Posted Thu, 01 Jan 2015 06:00:00 GMT by Taylor hoehn

A Regex for IPv6 Addresses

Stephen Ryan at Dartware has produced a regular expression (regex) that can be used to match any legal format of an IPv6 address. This is useful for determining whether a particular string is, in fact, a legal IPv6 address.

A quick search of Google for "IPv6 regex" or "regex for IPv6" gives lots of possibilities, many of which work for many cases. It's vastly harder to make one that works for all legal addresses.

The regex for IPv6 below differs from those others in that it handles all the cases specified by RFC4291, section 2.2, "Text Representation of Addresses", and in particular, it offers the ability to recognize an IPv4 dotted quad address at the end.

Here's Stephen's regex for IPv6 addresses. (Note: this should all be on one line.) 


The regex matches the following IPv6 address forms. Note that these are all the same address:

fe80:0000:0000:0000:0204:61ff:fe9d:f156 // full form of IPv6
fe80:0:0:0:204:61ff:fe9d:f156 // drop leading zeroes
fe80::204:61ff:fe9d:f156 // collapse multiple zeroes to :: in the IPv6 address
fe80:0000:0000:0000:0204:61ff: // IPv4 dotted quad at the end
fe80:0:0:0:0204:61ff: // drop leading zeroes, IPv4 dotted quad at the end
fe80::204:61ff: // dotted quad at the end, multiple zeroes collapsed

In addition, the regular expression matches these IPv6 forms:

::1 // localhost
fe80:: // link-local prefix
2001:: // global unicast prefix

The attached Perl script tests the regular expression against sample IPv6 addresses, both good and bad. The program also compares against a couple of sample regex for IPv6 expressions I found via a quick Google search, one of which was from somebody complaining about errors in other regular expressions found via quick Google searches.   It prints a dot for each succesfully matched (or not matched!) potential address, 1 if one of the other regexes failed it, or 2 if both failed it. It also prints a big nasty failure message if it matches when it shouldn't, or vice versa.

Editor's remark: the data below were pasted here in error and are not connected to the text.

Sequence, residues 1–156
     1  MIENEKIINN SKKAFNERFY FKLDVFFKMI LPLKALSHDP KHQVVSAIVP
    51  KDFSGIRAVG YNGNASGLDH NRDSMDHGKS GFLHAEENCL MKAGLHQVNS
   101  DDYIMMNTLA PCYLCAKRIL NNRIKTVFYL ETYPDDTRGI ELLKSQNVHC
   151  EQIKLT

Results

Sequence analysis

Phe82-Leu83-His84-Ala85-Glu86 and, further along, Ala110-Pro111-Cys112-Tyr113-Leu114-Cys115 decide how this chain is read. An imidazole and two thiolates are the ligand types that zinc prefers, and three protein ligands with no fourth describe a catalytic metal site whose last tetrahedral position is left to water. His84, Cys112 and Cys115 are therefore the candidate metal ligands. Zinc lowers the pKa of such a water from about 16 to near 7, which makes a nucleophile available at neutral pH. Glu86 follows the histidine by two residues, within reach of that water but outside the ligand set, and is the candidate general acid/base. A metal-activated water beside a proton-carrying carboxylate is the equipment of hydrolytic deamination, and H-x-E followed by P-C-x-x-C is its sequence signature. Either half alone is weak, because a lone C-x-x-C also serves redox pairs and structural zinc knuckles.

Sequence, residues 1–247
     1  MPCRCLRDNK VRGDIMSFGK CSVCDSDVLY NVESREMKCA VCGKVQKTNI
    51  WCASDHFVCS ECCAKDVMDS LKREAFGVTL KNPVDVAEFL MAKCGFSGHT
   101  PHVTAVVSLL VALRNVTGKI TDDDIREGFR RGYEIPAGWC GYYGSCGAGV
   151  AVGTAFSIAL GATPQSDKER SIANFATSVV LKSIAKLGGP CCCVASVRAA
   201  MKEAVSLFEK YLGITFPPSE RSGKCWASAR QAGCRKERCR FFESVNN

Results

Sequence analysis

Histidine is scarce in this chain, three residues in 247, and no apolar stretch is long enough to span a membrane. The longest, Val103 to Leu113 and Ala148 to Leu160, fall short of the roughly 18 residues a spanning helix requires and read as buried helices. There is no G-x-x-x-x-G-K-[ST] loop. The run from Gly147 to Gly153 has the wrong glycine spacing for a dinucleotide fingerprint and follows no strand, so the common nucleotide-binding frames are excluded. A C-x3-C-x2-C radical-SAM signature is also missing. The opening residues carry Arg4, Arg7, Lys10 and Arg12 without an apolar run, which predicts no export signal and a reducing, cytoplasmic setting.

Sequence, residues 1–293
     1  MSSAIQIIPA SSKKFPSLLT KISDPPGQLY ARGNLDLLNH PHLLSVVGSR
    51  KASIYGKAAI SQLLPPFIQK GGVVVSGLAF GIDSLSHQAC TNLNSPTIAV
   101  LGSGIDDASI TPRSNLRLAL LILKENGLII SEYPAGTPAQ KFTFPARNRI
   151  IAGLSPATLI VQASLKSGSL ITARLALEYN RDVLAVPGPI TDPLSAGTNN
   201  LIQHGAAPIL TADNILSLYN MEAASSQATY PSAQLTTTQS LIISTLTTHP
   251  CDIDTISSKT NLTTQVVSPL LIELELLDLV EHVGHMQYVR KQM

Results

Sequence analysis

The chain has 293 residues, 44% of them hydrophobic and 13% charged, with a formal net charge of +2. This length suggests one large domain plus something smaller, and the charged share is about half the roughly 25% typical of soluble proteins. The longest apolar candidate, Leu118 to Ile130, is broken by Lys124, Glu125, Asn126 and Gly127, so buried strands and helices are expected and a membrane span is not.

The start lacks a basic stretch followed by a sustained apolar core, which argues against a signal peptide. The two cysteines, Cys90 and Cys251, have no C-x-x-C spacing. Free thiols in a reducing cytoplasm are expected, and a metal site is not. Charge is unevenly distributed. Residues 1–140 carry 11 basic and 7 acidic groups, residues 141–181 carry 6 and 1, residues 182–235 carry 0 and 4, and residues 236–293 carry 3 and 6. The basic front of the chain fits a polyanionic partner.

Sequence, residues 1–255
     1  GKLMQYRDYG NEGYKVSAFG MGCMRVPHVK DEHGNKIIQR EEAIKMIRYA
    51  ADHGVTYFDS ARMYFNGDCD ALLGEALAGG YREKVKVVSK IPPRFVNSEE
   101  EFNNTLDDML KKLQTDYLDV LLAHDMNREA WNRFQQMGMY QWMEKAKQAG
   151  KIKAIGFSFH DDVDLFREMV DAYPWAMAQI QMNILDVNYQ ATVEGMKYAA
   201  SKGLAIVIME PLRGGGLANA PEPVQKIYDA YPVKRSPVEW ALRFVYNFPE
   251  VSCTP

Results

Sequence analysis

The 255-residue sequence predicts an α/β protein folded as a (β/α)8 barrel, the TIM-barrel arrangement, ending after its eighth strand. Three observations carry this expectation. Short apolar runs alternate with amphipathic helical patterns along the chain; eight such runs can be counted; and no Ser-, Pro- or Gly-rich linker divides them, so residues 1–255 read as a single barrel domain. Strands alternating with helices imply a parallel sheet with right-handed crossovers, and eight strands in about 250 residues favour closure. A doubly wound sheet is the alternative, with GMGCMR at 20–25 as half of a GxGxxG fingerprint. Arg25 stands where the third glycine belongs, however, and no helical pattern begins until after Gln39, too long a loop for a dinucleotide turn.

Of course, it's possible that we've missed a case here, so if you find a good counterexample, please send us a note at

Get the code:

We have set up a public Mercurial (hg) repository that has the files associated with the project. You can retrieve them from our repository. The repository includes:

  • The Javascript that does the heavy lifting of comparing to the regex and creating the best representation of the address.
  • Test cases both in Perl and Javascript. These contain nearly 500 valid and invalid addresses for developing your own regex.

Try it now: The IPv6 Address Validation page lets you test your IPv6 addresses against the validator right away.


IPv6 Regex by Dartware, LLC is licensed under a Creative Commons Attribution-ShareAlike 3.0 Unported License.

Posted Wed, 16 Dec 2015 06:00:00 GMT by Taylor hoehn

Aeron contributes shorter REs for Perl and Java:



Java (as string, needs i-flag to be set):


(NB These RE's do not always ignore whitespace before or after the IPv6 address)


Posted Wed, 16 Dec 2015 06:00:00 GMT by Taylor hoehn

Salvador Fandiño García provides the CPAN module Regexp::IPv6 at

Posted Wed, 16 Dec 2015 06:00:00 GMT by Taylor hoehn

Christoph Petschnig has translated this IPv6 address validation program to the Ruby programming language.

He has posted it in his GIT repository at

Posted Wed, 16 Dec 2015 06:00:00 GMT by Taylor hoehn

Phil Pennock submitted a RE generator, that automatically creates the regex from the full grammar in RFC3986

Posted Wed, 16 Dec 2015 06:00:00 GMT by Taylor hoehn

Test Cases:
We have assembled nearly 500 test cases of valid and invalid IPv6 addresses in a Perl script.

There's a perl script that tests several regular expressions against a these known valid and invalid IPv6 addresses. Download it at:

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